This is a story of other people's random kindness to me.
I was driving on the freeway when I saw a sign warning drivers that chains would be required to cross the mountain pass up ahead. I had never driven with chains before and didn't own any, so I pulled off the freeway and bought a set. It took quite some time to get the chains on, and I had to drive very slowly for the next 15 miles as I was going through the mountains. The moment I got to a spot where it was no longer snowing, but raining instead, I pulled over and took the chains off so I could resume driving at a more normal speed.
After about 30 minutes of driving, I suddenly came upon another snowy, icy patch of road. I reduced my speed, but then as I came over a hill, I lost control of my car and spun out into a snowdrift in the center median with the front of my car facing the other side of the freeway.
I tried to reverse out of that position, but the ground was frozen and my wheels kept spinning. I thought of breaking some tree branches and placing them under my tires, but it was so cold outside that my hands weren't working properly. I got inside the car and called 911 to call AAA. I didn't have my card on me, so I called my sister to get the AAA number.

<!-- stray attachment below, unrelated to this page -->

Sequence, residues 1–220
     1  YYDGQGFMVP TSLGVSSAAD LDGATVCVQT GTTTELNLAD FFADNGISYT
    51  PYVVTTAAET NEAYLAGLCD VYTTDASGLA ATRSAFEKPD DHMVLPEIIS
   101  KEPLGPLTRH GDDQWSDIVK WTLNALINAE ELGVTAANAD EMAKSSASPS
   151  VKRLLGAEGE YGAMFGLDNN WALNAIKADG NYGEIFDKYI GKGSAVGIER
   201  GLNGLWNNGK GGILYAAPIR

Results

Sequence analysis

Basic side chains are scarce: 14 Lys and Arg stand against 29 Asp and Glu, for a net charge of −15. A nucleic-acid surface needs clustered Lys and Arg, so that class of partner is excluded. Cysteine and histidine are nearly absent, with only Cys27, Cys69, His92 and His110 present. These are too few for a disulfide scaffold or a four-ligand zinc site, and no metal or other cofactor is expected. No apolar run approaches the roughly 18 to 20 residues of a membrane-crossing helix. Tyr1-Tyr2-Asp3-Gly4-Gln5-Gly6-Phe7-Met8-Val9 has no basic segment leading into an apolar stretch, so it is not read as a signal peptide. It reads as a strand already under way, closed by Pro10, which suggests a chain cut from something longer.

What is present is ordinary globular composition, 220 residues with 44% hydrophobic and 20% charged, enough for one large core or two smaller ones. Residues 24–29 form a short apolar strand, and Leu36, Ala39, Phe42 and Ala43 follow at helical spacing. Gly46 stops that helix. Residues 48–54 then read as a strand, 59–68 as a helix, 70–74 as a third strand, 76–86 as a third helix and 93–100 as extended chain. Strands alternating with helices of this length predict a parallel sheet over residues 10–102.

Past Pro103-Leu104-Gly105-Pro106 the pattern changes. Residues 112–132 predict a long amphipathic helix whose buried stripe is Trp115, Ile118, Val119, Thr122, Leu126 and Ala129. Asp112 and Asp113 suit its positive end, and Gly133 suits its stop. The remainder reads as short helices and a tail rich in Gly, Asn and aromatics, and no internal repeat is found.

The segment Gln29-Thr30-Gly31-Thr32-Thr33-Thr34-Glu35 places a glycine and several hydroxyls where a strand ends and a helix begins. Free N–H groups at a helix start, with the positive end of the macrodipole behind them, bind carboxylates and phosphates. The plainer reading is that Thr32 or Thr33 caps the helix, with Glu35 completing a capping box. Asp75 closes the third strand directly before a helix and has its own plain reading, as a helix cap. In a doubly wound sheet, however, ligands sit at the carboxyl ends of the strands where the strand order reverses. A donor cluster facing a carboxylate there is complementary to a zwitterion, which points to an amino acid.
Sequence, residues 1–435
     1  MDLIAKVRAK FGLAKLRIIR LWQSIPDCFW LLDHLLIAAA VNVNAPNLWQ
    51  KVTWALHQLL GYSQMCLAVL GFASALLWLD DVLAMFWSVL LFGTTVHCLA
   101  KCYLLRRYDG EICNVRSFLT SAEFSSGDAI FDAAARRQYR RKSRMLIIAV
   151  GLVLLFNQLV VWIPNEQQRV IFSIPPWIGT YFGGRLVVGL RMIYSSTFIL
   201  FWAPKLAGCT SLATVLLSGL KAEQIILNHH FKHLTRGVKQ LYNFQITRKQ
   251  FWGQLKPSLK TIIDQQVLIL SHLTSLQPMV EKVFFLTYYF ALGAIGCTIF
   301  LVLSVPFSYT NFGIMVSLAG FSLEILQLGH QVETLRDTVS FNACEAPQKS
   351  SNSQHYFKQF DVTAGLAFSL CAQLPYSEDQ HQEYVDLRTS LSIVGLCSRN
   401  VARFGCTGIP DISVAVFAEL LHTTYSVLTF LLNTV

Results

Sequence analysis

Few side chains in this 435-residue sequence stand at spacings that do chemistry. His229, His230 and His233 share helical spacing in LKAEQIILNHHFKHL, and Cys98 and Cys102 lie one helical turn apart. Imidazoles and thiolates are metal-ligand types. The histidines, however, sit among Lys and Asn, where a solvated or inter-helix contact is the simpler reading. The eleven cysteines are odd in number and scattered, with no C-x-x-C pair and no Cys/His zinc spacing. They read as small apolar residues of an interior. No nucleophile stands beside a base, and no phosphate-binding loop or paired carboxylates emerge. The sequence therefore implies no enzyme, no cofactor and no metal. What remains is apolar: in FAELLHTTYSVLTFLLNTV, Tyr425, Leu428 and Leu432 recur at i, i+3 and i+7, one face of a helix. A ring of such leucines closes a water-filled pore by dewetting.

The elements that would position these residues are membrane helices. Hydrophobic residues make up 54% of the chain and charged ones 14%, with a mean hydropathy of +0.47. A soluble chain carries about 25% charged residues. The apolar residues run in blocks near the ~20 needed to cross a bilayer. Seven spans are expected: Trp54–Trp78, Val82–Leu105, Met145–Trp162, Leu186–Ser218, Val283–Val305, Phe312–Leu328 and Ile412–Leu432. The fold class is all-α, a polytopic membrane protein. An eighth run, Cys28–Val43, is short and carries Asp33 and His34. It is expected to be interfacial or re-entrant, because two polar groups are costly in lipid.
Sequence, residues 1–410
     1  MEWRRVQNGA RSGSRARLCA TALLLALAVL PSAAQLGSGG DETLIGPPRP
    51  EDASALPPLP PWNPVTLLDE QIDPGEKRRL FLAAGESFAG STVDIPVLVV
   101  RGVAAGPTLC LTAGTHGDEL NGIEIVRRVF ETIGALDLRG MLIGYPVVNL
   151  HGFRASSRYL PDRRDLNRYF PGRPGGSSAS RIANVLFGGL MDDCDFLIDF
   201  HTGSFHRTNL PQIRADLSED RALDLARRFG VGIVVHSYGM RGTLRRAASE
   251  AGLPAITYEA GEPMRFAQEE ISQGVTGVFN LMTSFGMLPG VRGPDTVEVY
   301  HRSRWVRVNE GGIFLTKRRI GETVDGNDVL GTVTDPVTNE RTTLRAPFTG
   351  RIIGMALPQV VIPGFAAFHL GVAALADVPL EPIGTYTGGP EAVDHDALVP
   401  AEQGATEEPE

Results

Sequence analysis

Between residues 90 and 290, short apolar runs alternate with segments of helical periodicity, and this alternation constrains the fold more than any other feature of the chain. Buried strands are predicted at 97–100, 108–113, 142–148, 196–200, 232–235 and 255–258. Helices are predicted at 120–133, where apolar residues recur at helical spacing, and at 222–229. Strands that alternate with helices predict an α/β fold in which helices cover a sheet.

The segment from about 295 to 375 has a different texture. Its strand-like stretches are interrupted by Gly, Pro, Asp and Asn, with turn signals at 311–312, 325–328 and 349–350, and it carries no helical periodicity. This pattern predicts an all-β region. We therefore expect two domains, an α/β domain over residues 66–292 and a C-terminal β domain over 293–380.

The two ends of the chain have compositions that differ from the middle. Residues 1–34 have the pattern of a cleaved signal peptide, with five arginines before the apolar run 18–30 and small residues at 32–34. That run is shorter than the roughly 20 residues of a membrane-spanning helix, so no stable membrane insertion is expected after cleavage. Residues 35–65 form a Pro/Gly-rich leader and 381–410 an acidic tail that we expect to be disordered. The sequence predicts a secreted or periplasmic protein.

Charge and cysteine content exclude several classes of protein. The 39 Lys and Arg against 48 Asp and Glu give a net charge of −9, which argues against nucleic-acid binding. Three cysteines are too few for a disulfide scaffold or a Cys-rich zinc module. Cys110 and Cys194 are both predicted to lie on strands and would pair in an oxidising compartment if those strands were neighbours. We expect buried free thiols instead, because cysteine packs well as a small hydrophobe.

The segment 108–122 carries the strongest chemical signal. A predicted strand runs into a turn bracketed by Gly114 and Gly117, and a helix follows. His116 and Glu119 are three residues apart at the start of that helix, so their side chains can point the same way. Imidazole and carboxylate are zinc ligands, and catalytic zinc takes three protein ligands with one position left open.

As I was on the phone with my sister, a Russian man comes up to my window and says hello. Before I can say too much, he's already starting to push my car. His three sons are outside pushing too! I hand off the phone to a friend in the car and also start helping to push the car.
All of us were shivering in the snow, and having a great deal of difficulty getting the car out. It was past midnight and they easily could have decided that AAA would handle the situation after our initial attempts failed. Yet, they stayed with us for nearly 45 minutes as we kept trying different things to get the car out of the snow, insistent that they wouldn't leave until we were freed.
Throughout the whole experience, the Russian man and his sons were so happy to be helping, and not at all because they felt sorry for us. It was so nice because we were a little concerned about being stuck in the freezing weather at such a late hour, and their jovial attitude changed the whole dynamic of the situation and lifted our spirits.
After nearly 45 minutes of toil when our car was finally free, they didn't even stick around long enough for me to get their names. They just ran toward their truck, slid a bit on the ice, and yelled back 'Drive Slowly' in their Russian accent, like true smile heroes!